A genus of three closely related Australian species. Cogger gives the characteristics of the genus as follows:
Rostral and mental shields rounded; labials much larger than adjacent scales; postmentals enlarged; digits long, slender, slightly compressed distally, with two rows of lateral scales; no enlarged apical subdigital sublamellae but single series of slightly swollen transverse sublamellae; feet bird-like; all digits clawed, claws conspicuous and free, base of each between three scales; preanal pores present.
The body shape of all three species is quite similar.
|H. binoei, Bynoe's/Prickly Gecko||H. planiceps||H. spelea, Desert Cave Gecko|
|H. binoei||Bynoe's/Prickly Gecko||Australia (New South Wales, North Territory, Queensland, South Australia, Victoria, West Australia)||50mm SVL||This is a fairly common terrestrial species throughout the continent, being absent only from the SW and SE corners. According to Cogger it is fairly tolerant in its choice of habitats, being found in both wet coastal forests and the central deserts. Prefers to shelter in rock crevices or among ground litter and debris. Parthenogenetic populations are found in C & W Australia. See EMBL database entry. Scalation details: less than 25 large dorsal tubercles in paravertebral row between axilla and groin. Coloration: variable, may be pale grey, dull or bright reddish-brown, or almost black. Body is usually banded by means of a series of flecks, spots and blotches. Usually at least some trace of one dark temporal streak and another on the canthus rostralis. Lips are whitish, lightly spotted with dark brown. Ventrally whitish, finely spotted with dark brown. Other: tail is fairly long.|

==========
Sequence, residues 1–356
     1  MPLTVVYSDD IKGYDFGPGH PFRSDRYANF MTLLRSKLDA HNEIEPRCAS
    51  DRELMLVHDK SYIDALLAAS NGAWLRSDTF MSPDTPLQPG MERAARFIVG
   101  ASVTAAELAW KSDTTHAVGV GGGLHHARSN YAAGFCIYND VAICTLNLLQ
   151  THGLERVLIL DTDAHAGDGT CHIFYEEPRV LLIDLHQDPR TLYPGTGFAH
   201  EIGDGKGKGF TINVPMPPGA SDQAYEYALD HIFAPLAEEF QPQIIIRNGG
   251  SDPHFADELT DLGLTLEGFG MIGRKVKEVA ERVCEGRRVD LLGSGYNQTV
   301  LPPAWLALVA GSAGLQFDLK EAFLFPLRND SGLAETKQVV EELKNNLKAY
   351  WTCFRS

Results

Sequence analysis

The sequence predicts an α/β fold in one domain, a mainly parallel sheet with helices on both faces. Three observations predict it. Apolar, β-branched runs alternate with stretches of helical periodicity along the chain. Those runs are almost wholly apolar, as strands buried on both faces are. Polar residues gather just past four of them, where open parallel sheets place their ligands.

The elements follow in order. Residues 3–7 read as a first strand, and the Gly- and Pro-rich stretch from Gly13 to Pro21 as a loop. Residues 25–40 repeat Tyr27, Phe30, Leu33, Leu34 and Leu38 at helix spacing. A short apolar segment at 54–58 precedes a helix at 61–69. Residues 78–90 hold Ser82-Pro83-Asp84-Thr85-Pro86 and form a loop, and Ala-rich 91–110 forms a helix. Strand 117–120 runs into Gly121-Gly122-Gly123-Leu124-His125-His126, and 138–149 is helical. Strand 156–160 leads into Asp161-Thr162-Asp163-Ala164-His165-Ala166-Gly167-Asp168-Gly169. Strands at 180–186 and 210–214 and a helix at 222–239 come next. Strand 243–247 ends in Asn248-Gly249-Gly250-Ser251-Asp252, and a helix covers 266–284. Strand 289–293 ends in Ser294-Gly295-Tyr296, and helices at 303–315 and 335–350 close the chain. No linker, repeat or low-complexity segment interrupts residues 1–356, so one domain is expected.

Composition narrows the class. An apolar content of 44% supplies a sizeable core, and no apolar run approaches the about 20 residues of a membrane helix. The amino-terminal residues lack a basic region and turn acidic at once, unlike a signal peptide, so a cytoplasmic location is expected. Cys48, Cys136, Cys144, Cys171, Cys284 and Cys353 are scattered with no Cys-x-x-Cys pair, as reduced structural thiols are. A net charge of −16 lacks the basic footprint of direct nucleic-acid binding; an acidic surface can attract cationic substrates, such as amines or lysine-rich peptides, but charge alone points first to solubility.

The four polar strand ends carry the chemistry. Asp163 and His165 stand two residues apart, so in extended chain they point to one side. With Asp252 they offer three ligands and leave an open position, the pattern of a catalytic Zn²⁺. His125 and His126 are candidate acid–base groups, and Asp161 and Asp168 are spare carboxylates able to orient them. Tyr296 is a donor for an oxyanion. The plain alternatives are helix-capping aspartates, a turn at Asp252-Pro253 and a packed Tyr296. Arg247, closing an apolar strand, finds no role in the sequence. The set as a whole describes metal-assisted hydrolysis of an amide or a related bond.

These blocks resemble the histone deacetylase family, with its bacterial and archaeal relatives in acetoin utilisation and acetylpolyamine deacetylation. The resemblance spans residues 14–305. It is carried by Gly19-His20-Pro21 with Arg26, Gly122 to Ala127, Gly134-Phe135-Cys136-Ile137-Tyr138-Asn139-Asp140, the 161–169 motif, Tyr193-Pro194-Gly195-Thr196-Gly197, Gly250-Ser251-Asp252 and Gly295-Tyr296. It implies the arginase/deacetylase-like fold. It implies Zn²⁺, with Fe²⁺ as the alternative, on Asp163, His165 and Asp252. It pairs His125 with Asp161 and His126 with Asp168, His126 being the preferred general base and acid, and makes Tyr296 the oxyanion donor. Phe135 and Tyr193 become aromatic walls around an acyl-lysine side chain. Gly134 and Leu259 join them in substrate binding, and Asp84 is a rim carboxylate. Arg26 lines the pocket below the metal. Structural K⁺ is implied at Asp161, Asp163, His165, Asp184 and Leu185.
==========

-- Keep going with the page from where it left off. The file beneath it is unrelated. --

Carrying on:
|H. planiceps||Australia (Kimberley region and poss. Pilbara region of WA)||50mm SVL||Species classified in 1989: see EMBL database entry. Virtually identical to H. spelea, but the dark temporal stripe contacts the occipital band but not the nuchal band (in contrast with H. spelea). Otherwise see H. spelea.|
|H. spelea||Desert Cave Gecko||Australia (Western Australia and Northern Territories)||50mm SVL||Inhabits caves, rock crevices in stony desert hills, and interestingly, mine shafts. At night it forages at the entrance to these areas. Scalation details: over 25 small dorsal tubercles in paravertebral row between axilla and groin. Coloration: clearly banded with 4-5 wide dark brown crossbands on a lighter or cream overall coloration: 1st band forms a collar running from eye to eye around the nape of the neck: dark bar may also be present on the back of the head. Original tails are also strongly banded but those regrown are plain brown.|
Reptiles and Amphibians of Australia, Harold Cogger, 6th edition.
Lizards of the World, Mattison
Breeding and Keeping Geckos, Coborn, TFH 1995 - a particularly valuable book for lesser known geckos, especially the Diplodactylines.
Keeping and Breeding Lizards, Mattison
Reptiles of the Townsville Region has some good pictures of various of the above geckos.
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